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Orbitz contracts with hotels are ‘trade secrets,’ Tax Court rules

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The Indiana Tax Court Wednesday granted online travel company Orbitz LLC’s request to place certain documents under seal – including contracts the company has with three Indiana hotels. Judge Martha Wentworth determined that the contracts are trade secrets, so they are not subject to public disclosure.

The ruling came in Orbitz, LLC v. Indiana Department of State Revenue, 49T10-0903-TA-10, in which Orbitz challenged the results of an audit the Department of State Revenue completed in 2007. The revenue department determined Orbitz was deficient in remitting Indiana’s gross retail (sales) and county innkeeper taxes on bookings that occurred between Jan. 1, 2004, and Dec. 31, 2006, through its website.

Orbitz protested the proposed assessments issued by the department and initiated this tax appeal in 2009. In August 2013, the company sought to prohibit public access to copies of contracts with the hotels. The contracts specifically detail what Orbitz has negotiated with the hotels regarding room rates.

Wentworth determined the contracts have the four characteristics of trade secrets: they are information; that derive independent economic value; that are not generally known, or readily ascertainable by proper means by others who can obtain economic value from its disclosure or use; and that are the subject of efforts, reasonable
under the circumstances, to maintain their secrecy.

“Competition is the bedrock of our country’s economic system,” she wrote. “The protection afforded to trade secrets under Access to Public Records Act and Administrative Rule 9 helps to foster a healthy, competitive marketplace.”
 

 

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  1. Frankly, it is tragic that you are even considering going to an expensive, unaccredited "law school." It is extremely difficult to get a job with a degree from a real school. If you are going to make the investment of time, money, and tears into law school, it should not be to a place that won't actually enable you to practice law when you graduate.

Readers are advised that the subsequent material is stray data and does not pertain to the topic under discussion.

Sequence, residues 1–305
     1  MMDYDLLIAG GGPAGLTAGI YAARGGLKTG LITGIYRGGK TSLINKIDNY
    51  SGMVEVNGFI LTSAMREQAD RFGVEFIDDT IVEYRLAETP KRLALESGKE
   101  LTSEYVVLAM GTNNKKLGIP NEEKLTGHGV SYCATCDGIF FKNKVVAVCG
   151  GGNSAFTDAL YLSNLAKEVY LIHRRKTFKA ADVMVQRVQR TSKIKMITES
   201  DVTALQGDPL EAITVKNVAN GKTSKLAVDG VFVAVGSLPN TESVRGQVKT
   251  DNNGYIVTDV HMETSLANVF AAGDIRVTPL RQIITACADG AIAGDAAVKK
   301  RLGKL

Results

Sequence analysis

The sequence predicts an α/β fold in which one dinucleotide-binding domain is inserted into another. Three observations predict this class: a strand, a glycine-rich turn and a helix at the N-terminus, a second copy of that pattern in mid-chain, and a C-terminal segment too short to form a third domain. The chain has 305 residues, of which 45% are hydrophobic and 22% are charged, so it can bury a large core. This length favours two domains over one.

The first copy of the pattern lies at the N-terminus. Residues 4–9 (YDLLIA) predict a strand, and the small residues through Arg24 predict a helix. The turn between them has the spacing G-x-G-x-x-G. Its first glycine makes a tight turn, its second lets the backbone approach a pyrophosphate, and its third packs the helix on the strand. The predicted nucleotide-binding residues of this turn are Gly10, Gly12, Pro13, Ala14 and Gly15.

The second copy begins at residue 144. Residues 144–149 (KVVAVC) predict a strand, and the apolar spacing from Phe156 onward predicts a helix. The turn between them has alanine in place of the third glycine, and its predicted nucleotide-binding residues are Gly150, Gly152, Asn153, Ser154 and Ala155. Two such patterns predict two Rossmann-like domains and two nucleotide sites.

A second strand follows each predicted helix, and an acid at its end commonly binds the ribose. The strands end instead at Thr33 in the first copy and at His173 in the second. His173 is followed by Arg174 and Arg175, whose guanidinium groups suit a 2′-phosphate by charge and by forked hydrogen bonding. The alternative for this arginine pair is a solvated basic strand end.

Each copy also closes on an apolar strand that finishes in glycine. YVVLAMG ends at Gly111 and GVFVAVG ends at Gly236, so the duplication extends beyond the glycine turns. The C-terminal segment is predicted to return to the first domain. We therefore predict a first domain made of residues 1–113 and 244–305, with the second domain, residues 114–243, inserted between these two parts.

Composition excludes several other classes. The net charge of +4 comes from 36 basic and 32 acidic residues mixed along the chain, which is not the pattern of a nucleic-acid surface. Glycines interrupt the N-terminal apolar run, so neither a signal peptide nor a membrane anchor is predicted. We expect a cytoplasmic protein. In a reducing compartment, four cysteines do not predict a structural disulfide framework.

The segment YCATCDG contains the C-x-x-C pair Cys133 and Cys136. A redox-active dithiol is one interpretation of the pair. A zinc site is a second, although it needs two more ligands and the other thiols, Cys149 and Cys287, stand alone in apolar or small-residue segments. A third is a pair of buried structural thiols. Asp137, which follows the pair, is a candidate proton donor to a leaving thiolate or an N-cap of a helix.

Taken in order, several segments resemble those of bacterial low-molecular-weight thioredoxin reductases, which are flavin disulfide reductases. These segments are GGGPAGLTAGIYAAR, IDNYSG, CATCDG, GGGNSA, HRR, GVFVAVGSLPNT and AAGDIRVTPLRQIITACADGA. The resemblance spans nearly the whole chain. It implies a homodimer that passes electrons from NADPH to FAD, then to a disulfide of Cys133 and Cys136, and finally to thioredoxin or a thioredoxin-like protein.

2. As a lawyer who grew up in Fort Wayne (but went to a real law school), it is not that hard to find a mentor in the legal community without your school's assistance. One does not need to pay tens of thousands of dollars to go to an unaccredited legal diploma mill to get a mentor. Having a mentor means precisely nothing if you cannot get a job upon graduation, and considering that the legal job market is utterly terrible, these students from Indiana Tech are going to be adrift after graduation.

  3. 700,000 to 800,000 Americans are arrested for marijuana possession each year in the US. Do we need a new justice center if we decriminalize marijuana by having the City Council enact a $100 fine for marijuana possession and have the money go towards road repair?

  4. I am sorry to hear this.

  5. I tried a case in Judge Barker's court many years ago and I recall it vividly as a highlight of my career. I don't get in federal court very often but found myself back there again last Summer. We had both aged a bit but I must say she was just as I had remembered her. Authoritative, organized and yes, human ...with a good sense of humor. I also appreciated that even though we were dealing with difficult criminal cases, she treated my clients with dignity and understanding. My clients certainly respected her. Thanks for this nice article. Congratulations to Judge Barker for reaching another milestone in a remarkable career.

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